The FDA announced Friday it was approving Novartis AG’s gene therapy Zolgensma, a one-time treatment designed to help young children with spinal muscular atrophy. The agency’s announcement said the safety and effectiveness of the drug was based on clinical trials that yielded positive results for patients with the rare disease.

The politics of abortion surge to forefront of 2020 debate
Georgia, other states move polarizing topic to front burner with new laws

Sen. Kirsten Gillibrand, D-N.Y., a Democratic presidential candidate, traveled to Atlanta last week to rally for abortion rights in the wake of the state passing a law restricting them. The issue has returned to the political fore as several states pass laws to restrict abortion. (Bill Clark/CQ Roll Call file photo)

OPINION — It’s the worst day of your life. You’ve been told that your unborn baby is dying inside of you and you are presented with two horrible options: medically induce labor to deliver her early or carry the dangerous pregnancy to term, when your baby will suffocate outside of your womb.

At that gruesome moment, your state representative, a 63-year-old part-time farmer, walks into the exam room and tells you what he thinks you should do. If you choose anything else, you and your doctor could both be prosecuted for murder.

Here are the 3 Republicans who bucked Trump on the Paris climate accord
No Democrat broke party ranks, while 4 in GOP did not vote

Florida Rep. Vern Buchanan joined two of his Republican colleagues in siding with Democrats on Thursday’s climate vote. (Bill Clark/CQ Roll Call file photo)

Three Republicans — including two from safe seats — sided with Democrats on Thursday in voting for a measure that would stop President Donald Trump from pulling out of the Paris climate accord.

The bill passed the House, 231-190. Reps. Elise Stefanik of New York, Brian Fitzpatrick of Pennsylvania and Vern Buchanan of Florida voted with the Democrats. Four Republicans — including Florida’s Francis Rooney, who’s been an outspoken Republican voice on the dangers of climate change — did not vote. He’s in Florida recovering from knee replacement surgery. 

Legislative Branch spending bill opens door for employing Dreamers on Capitol Hill
$3.9 billion measure would boost funding for interns, revive defunct technology office

House appropriators released a $3.9 billion House Legislative Branch Appropriations bill Tuesday ahead of subcommittee action set for Wednesday. (Bill Clark/CQ Roll Call file photo)

Democrats touted the revival of the defunct Office of Technology Assessment and the legal employment of so-called Dreamers in the $3.94 billion House Legislative Branch Appropriations bill they released Tuesday.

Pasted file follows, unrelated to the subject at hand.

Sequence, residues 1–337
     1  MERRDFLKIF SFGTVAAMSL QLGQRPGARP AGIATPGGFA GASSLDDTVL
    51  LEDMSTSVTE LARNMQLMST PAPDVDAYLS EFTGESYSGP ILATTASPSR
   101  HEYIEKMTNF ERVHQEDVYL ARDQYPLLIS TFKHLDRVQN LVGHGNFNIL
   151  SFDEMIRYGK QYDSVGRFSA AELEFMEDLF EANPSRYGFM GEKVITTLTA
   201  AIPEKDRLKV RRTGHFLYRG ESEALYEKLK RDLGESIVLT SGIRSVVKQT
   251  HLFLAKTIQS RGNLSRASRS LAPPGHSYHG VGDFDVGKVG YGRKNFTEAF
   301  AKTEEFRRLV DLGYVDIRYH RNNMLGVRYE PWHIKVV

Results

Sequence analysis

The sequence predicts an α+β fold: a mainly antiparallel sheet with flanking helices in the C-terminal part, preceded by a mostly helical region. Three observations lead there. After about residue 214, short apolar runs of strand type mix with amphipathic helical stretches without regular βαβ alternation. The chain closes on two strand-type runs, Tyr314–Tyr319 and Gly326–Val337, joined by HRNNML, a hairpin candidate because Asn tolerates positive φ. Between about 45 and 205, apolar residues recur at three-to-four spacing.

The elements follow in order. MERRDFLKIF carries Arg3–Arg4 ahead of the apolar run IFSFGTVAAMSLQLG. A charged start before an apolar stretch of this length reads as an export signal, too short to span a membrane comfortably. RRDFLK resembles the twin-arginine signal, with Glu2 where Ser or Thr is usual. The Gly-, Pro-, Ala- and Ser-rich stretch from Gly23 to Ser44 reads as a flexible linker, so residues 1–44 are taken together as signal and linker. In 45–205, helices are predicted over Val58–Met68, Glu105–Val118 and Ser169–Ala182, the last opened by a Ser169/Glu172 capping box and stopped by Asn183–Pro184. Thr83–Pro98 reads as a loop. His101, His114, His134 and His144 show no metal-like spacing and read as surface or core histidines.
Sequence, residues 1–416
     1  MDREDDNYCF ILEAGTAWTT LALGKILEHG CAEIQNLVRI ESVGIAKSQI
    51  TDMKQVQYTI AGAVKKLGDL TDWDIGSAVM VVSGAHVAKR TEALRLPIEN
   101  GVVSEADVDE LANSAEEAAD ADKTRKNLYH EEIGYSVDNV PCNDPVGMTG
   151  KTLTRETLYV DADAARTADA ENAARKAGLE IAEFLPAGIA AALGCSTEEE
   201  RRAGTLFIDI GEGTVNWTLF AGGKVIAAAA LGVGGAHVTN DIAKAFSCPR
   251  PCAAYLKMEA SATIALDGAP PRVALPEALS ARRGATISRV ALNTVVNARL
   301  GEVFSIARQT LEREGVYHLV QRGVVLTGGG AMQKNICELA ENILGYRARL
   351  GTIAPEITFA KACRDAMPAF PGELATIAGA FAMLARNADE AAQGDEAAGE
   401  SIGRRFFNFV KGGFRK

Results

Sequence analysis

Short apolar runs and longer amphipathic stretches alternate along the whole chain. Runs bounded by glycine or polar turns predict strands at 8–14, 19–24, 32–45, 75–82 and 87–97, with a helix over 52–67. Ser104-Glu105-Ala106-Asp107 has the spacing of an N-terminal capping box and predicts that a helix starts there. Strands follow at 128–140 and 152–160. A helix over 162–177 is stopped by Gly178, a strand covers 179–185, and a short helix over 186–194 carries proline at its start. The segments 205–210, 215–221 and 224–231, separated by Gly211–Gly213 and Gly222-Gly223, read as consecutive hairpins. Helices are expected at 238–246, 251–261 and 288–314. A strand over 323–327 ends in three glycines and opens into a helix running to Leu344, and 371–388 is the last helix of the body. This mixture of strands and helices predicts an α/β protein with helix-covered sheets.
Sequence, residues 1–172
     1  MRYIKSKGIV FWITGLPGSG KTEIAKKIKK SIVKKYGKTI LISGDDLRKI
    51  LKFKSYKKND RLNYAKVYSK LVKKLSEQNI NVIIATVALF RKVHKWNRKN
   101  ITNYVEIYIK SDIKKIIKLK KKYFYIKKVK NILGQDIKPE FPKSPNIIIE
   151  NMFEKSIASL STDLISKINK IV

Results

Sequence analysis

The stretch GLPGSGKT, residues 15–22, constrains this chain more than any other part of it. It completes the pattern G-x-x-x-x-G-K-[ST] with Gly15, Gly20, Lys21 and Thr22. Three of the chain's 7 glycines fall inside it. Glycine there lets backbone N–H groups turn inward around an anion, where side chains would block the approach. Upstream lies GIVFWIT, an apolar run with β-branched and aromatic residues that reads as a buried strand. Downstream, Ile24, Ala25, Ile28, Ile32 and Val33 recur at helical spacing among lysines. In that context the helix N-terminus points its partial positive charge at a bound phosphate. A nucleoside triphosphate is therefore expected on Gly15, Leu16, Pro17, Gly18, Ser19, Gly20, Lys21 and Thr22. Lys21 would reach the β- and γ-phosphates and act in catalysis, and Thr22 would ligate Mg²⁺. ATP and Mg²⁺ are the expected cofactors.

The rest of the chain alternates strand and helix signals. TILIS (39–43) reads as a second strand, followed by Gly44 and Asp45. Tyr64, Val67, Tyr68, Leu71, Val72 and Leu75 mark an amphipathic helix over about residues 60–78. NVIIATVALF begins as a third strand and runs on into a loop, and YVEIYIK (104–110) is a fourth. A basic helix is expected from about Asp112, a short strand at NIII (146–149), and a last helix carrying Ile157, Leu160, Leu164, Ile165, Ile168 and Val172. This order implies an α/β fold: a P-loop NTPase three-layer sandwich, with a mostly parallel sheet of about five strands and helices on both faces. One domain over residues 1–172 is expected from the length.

The fiscal 2020 proposal includes an overall proposed increase of $135 million, or 3.6 percent more than the current funding level, according to a summary. The Legislative Branch subcommittee is set to take up the bill at a markup on Wednesday.

Gaetz is trying to sell AOC on a ‘Green Real Deal’ but progressives aren’t buying it
Citizens for Responsible Energy Solutions helped draft the proposal

Rep. Matt Gaetz, F-Fla., conducts a news conference at the House Triangle to unveil climate change legislation the Green Real Deal, on Wednesday, April 3, 2019. (Photo By Tom Williams/CQ Roll Call)

Rep. Matt Gaetz introduced the Green Real Deal on Wednesday, a competing resolution to Rep. Alexandria Ocasio-Cortez’s Green New Deal, a sign the ambitious plan to combat climate change championed by the Democratic star has convinced some in the Republican Caucus of the need for a conservative counterproposal.

“History will judge harshly my colleagues who deny the science of climate change, and similarly those Democrats who would use climate change as an excuse to regulate the American experience out of existence,” the Florida Republican said at a news conference outside the Capitol.

House members call for Office of Technology Assessment revival

Reps. Sean Casten, pictured here, and Mark Takano urged colleagues to fund and revive the Office of Technology Assessment. (Tom Williams/CQ Roll Call)

Reps. Sean Casten and Mark Takano appealed to their colleagues Tuesday to fund and restore a Capitol Hill technology agency that was defunded more than 20 years ago, as advocates say it could help Congress’s capacity to understand emerging technology and its social and policy implications.

The Office of Technology Assessment, often referred to as OTA, provided Congress with objective analysis of complex technology issues from 1972 to 1995. The agency’s mission was to ensure the lawmakers had information they needed on new or expanding technologies and objective information assessing impacts, policy proposals and scientific expertise “to match that of the executive branch.”